Skip to content
Concerning real estate law, private property rights, and related matters with a focus on Colorado

Can my HOA stop me from parking a school bus in front of my house? In Colorado, maybe not.

August 30, 2022

Colorado’s statutes regarding homeowners’ associations (HOAs) are a favorite subject for legislative action, and this year is no different. The legislature passed HB 22-1139 and HB 22-1137; they went into effect in August 2022. Both amend the Colorado Common Interest Ownership Act (CCIOA), which was first adopted in 1992 and regulates HOAs in the state. HB 22-1137 will be the subject of a future post.

HB 22-1139 adds to a provision in CCIOA that prohibit HOAs from restricting certain activities for public policy reasons (C.R.S. ยง 38-33.3-106.5). The most well-known guarantee that a homeowner may display flags or religious symbols (within reason), may install xeriscaping, and may install things like solar panels. HB 22-1139 adds to this list. It does not allow an HOA to prohibit uses of a public right-of-way that otherwise complies with the local government’s ordinance. Put another way, the HOA cannot regulate use of a public street in a way more restrictive than the local ordinance. The HOA also cannot compel anyone to use the public right-of-way in any particular manner.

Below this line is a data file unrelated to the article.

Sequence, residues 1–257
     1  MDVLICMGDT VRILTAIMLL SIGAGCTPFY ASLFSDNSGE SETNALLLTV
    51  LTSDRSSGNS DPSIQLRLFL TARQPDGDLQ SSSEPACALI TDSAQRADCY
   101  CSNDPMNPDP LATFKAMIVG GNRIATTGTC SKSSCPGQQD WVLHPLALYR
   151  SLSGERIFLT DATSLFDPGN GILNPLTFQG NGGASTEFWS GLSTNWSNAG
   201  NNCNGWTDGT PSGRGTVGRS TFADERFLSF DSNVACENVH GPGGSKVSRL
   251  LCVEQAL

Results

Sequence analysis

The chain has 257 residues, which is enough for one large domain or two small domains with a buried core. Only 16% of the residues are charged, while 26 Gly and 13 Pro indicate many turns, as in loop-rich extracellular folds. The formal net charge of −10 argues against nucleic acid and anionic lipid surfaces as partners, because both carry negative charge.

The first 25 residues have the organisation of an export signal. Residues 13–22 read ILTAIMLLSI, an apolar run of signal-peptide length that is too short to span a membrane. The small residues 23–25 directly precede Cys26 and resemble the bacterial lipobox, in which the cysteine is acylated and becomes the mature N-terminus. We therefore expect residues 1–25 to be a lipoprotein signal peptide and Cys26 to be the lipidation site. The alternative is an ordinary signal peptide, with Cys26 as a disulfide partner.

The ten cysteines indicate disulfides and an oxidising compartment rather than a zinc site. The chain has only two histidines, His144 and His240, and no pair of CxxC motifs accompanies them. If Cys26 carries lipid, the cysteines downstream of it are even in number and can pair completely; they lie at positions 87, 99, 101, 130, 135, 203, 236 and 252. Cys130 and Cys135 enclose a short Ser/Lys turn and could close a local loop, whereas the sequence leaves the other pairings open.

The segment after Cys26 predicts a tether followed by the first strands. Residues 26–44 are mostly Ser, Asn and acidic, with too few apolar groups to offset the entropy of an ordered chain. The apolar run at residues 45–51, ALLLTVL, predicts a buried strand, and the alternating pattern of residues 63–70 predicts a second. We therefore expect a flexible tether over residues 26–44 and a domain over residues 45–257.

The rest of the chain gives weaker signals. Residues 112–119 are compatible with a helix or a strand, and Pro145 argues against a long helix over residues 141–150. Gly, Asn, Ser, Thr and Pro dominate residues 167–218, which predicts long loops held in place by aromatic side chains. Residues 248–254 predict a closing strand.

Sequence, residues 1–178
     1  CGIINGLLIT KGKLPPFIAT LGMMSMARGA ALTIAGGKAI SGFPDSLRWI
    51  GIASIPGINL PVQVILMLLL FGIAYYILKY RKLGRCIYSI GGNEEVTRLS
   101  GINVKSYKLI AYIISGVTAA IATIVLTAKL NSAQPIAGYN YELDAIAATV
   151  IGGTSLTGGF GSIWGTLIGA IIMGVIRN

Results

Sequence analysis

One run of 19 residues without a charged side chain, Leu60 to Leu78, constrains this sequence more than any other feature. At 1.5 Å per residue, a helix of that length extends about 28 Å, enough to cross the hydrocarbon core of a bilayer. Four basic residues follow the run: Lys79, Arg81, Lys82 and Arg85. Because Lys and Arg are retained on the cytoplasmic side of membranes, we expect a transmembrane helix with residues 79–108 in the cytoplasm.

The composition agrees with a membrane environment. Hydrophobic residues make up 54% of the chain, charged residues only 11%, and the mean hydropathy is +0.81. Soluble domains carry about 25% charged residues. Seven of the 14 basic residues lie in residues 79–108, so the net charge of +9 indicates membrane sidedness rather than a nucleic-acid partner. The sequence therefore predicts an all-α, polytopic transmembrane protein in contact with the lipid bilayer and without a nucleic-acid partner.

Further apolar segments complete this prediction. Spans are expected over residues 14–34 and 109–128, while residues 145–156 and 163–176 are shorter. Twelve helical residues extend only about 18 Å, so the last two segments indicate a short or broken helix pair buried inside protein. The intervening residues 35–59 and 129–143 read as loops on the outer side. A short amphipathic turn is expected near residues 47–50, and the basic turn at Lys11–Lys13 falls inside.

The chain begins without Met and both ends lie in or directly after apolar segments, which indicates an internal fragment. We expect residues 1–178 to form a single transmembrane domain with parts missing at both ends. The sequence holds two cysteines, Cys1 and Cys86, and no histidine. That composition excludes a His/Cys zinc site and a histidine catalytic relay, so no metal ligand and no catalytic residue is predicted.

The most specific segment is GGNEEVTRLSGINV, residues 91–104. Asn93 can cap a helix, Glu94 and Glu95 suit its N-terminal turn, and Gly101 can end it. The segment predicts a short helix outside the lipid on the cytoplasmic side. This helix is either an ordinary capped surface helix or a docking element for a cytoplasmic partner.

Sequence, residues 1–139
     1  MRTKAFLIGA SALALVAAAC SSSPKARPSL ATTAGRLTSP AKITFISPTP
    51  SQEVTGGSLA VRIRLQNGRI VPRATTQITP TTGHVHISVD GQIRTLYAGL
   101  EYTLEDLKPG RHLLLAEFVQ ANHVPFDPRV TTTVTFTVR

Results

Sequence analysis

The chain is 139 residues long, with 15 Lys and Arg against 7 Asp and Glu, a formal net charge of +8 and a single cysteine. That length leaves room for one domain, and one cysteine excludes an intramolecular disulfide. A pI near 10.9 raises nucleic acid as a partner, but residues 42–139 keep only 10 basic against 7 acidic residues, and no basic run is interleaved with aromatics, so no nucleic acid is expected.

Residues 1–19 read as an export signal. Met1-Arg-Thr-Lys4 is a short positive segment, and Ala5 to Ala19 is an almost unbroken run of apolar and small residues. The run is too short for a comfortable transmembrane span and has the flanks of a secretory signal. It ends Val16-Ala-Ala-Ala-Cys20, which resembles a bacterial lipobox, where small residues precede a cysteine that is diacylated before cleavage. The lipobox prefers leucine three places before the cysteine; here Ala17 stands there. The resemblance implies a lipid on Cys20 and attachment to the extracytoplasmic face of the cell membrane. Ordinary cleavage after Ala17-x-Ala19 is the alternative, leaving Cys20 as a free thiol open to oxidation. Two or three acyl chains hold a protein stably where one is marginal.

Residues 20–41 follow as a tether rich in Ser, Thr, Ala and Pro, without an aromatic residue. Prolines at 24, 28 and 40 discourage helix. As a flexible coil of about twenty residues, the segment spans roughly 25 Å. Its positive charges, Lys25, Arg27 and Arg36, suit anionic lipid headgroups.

This new statute implies a rather absurd result. It would be okay for an HOA to, for example, prohibit someone from storing a school bus on their lot. However, if the code allows someone to park a school bus on the street in front of their house, the HOA could not stop that. I expect that something like this will happen, at least in unincorporated areas where permissive county land use codes control. There are many very nice HOAs where this is the case, and in such neighborhoods a homeowner will now have significant bargaining leverage against an HOA regulating storage of vehicles.

There are some limitations on this statute. First, it applies only to a “public right-of-way.” If the streets in the HOA are private, this statute won’t apply. Second, the statute seems to apply only to an “association.” The introductory provision reads: “Notwithstanding any provision in the declaration, bylaws, or rules and regulations of the association to the contrary, an association shall not prohibit any of the following:…” The term “association” is defined in CCIOA to mean a “unit owners’ association,” and so would seem to exclude the individual homeowners. Thus, could an individual homeowner bring their own lawsuit to enforce covenants that are more restrictive than the local ordinance? No Colorado case has reached that issue.

A third limitation on this statute may be law nuisance principles. A court might agree that storing a school bus on the street in a neighborhood of million dollar estate homes is a nuisance.